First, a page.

Background: Parkinson’s disease (PD) and Alzheimer’s disease (AD) are the two most common neurodegenerative conditions. Both of them are relentlessly progressive. There is therefore a desperate need to develop new drugs with the potential to slow down the disease progression in either disease. Mitochondrial dysfunction is well documented in PD, we have shown mitochondrial dysfunction can be measured in fibroblasts from patients with early onset familial PD (due to parkin mutations; Mortiboys et al, 2008), late onset familial PD (due to LRRK2 mutations; Mortiboys et al, 2010) and sporadic PD. We carried out a drug screen of 2000 compounds in parkin mutant patient fibroblasts which led to the identification of ursodeoxycholic acid (UDCA; Mortiboys et al, 2013). UDCA can rescue mitochondrial membrane potential and cellular ATP levels in both parkin mutant and LRRK2 mutant patient fibroblasts (Mortiboys et al, 2013, 2015). UDCA also acts to protect cells in a LRRK2 Drosophila model of PD (Mortiboys et al, 2015).
Aim: The project will elucidate the rescue abilities of a series of novel bile acids in models of neurodegenerative disease, primarily focused on PD and AD. By the end of this project, we are hoping to have identified a group of UDCA derivatives with substantially enhanced biological effect.
Workplan: The compounds will initially be tested in PD and AD patient derived fibroblasts using overall mitochondrial assays and toxicity assays; with structure function activity relationships characterised and subsequent compound libraries made for further screening. This will be an iterative process with the biological activity of the compounds providing further information to refine the chemical structures and retain maximal activity whilst achieving favourable drug properties. A selected group of compounds will be tested for mitochondrial recovery potential in neurons derived from PD and AD patient fibroblasts using induced neuronal progenitor (iNP) cell technology. The iNP cells can be differentiated into dopaminergic neurons for Parkinson’s Disease models. The detailed mechanism of action for the compounds will be investigated using in depth mitochondrial and cellular assays.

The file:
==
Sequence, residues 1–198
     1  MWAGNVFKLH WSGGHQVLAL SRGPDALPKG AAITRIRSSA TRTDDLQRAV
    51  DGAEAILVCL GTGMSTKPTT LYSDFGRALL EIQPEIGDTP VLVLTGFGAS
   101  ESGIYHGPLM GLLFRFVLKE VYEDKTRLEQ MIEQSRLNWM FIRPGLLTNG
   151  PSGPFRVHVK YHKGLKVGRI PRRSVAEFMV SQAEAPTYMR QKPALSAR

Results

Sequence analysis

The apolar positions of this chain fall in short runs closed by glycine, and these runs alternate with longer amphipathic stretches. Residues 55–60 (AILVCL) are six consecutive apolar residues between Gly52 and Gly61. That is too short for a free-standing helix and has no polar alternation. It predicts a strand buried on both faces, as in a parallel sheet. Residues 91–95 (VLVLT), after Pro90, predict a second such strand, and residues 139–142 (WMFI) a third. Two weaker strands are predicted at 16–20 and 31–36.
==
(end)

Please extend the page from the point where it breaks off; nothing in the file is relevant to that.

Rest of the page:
Outlook: The project will enable us to use the structure function activity relationship information we gain about the compounds in various patient derived models of common neurodegenerative diseases to progress our understanding of how these compounds work and their potential as therapeutic agents.
How to apply
Please complete a University Postgraduate Research Application form: http://www.shef.ac.uk/postgraduate/research/apply and attach at least two references to your application.
Please clearly state the prospective main supervisor in the respective box and select ‘Neuroscience’ as the department. Please include the project title in your supporting statement.
Deadline: Friday 19th February 2016
Supervisor: Dr Heather Mortiboys and Professor Oliver Bandmann
Enquiries: Please contact Dr Heather Mortiboys ([email protected]
) for further information in the first instance.